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Please note that the gallery will be closed until 26 May while we hang our new exhibition. The gallery will be closed for the entire month of July.


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From 26 May until 25 September 2018, Live Burls by Kirk Crippens & Gretchen LeMaistre will be exhibited at Schilt Gallery.


In 2013, an alarming number of redwood trees in America’s national and state parks were shorn of their knobby protrusions, called burls. The trees were disfigured by thieves aiming to sell distinctive burl wood to luxury furniture retailers. Kirk Crippens and Gretchen LeMaistre read about these trees in the news and were motivated to go and see them. Rangers from the Redwood National and State Parks assisted the two artists in accessing and photographing each site. Between 2013 and 2016, they made many visits to the redwood forests of Humboldt County, California.

On their first trip to the region, they passed a tourist attraction called Trees of Mystery. The entrance featured a fifty-foot effigy of Paul Bunyan, lumberjack of American folklore, and a large souvenir store with a neon sign that read “Live Burls.” At first they laughed at the spectacle, but the sign hung in the back of their minds as they began to explore the lure and the lore of the giant redwoods.

While redwood trees are sensational for their size, their burls are unique for less obvious reasons. Redwood burls contain stem cells that enable the trees to clone themselves. In a sense, a redwood tree may never truly die because the burls’ genetic codes maintain cycles of reproduction dating back nearly two hundred million years, to when the species began. Only one percent of redwood seeds become trees; burls generate the majority of trees. Redwoods and their cousin sequoias sometimes exist for as long as three thousand years. For these reasons, they were given the species name sempervirens, or “ever-living.” Steinbeck once referred to them as “ambassadors of another time.”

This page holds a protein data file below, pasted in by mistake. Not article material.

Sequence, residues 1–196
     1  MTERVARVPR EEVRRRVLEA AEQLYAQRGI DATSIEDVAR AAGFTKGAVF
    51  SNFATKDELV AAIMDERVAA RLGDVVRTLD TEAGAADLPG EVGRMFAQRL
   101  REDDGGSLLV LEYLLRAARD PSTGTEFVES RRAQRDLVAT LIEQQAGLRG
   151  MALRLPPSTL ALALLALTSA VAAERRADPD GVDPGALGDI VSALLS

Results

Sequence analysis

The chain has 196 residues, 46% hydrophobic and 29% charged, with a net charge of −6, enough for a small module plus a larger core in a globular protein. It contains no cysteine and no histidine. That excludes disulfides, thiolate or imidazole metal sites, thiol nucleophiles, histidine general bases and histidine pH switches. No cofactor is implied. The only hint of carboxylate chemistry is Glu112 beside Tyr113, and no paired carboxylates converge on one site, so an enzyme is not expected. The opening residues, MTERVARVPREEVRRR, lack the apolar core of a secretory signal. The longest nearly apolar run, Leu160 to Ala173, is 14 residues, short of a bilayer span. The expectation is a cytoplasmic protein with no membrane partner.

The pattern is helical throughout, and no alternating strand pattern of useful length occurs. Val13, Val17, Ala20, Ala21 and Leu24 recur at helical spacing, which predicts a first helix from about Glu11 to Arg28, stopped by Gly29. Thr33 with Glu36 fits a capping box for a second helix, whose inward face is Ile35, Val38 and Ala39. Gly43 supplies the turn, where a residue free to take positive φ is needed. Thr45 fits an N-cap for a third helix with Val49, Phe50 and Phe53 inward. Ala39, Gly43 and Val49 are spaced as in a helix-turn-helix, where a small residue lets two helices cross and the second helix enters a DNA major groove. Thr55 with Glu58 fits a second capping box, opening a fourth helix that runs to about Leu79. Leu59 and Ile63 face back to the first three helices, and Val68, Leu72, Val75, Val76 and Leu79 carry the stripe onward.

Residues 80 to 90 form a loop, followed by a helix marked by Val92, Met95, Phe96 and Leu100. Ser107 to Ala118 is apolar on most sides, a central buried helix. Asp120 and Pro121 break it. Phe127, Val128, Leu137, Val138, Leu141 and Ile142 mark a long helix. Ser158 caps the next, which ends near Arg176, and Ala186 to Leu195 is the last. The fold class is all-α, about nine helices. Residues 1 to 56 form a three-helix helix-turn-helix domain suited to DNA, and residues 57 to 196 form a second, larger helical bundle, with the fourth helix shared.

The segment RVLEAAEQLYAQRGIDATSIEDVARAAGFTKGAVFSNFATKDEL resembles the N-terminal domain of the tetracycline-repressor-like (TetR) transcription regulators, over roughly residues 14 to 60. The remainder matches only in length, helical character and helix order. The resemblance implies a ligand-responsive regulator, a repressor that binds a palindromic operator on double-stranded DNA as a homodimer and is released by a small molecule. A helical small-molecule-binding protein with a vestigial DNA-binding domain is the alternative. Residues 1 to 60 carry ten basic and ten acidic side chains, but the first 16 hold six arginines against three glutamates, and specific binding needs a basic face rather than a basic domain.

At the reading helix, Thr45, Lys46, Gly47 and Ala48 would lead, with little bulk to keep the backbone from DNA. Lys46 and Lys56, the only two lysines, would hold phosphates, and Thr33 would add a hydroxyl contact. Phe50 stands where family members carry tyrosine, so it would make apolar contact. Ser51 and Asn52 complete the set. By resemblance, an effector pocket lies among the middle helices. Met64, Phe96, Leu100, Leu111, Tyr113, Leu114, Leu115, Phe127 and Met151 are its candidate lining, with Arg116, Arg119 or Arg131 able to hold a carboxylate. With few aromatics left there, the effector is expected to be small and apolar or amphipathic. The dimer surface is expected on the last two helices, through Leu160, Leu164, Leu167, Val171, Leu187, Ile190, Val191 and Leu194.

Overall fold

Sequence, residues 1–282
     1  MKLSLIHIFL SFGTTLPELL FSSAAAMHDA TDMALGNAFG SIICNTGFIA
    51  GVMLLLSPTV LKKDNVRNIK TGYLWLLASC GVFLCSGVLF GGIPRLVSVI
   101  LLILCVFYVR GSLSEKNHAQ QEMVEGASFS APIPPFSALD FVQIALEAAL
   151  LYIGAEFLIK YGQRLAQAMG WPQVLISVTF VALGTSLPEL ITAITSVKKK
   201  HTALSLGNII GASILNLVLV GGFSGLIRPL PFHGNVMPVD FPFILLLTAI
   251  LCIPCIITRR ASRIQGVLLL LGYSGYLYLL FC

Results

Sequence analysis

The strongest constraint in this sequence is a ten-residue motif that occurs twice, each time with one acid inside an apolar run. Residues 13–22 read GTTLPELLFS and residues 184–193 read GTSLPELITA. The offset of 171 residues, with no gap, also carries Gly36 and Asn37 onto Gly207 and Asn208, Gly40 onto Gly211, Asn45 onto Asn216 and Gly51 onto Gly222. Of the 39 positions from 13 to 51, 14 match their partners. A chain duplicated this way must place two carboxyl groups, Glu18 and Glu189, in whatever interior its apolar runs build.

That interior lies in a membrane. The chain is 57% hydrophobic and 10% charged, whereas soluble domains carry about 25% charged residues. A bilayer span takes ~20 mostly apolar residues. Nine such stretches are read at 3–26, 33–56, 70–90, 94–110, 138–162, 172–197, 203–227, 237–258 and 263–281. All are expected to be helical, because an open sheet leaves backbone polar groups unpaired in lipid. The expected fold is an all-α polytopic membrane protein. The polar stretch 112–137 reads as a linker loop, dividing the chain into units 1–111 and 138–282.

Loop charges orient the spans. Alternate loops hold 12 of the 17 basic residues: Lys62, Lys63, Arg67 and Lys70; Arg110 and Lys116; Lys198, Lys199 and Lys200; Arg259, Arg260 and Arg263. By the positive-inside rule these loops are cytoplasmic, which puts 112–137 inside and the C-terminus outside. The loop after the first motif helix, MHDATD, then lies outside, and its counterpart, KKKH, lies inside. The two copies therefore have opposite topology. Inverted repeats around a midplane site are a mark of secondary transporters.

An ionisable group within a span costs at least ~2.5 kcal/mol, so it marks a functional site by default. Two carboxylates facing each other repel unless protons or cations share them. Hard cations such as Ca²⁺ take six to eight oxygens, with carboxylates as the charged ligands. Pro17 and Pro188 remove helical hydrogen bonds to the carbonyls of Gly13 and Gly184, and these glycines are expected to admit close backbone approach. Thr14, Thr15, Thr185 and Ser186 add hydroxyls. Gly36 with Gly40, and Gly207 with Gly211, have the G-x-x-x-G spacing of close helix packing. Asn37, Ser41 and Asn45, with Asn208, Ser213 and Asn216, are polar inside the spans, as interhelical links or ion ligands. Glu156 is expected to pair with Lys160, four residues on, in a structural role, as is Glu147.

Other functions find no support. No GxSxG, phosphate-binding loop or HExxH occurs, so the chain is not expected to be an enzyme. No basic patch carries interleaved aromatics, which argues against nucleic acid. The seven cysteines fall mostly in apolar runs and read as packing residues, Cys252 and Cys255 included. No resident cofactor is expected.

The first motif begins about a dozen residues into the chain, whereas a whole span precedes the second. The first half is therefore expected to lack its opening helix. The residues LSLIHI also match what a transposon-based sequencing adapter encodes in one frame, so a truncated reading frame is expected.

Yet even the protected trees are subject to threat. Shorn trees are more vulnerable to disease, and their ability to reproduce is uncertain. Decades may pass before the full extent of poaching damage can be assessed. 


The horrifying way people can crush valuable natural and cultural history for money is masterfully shown by Kirk Crippens and Gretchen LeMaistre. The way they meticulously photograph these dying giants sends shivers down my spine. The beauty of their images and the superb silver gelatin prints they produce make it even harder. But it is exactly this combination of pure photographic craftsmanship with a subject of grave importance that gave me no choice but to immediately embrace the work. For me, this is exactly what photography should be about. 

– Maarten Schilt, as published in the 2018 FotoFest Biennial Catalogue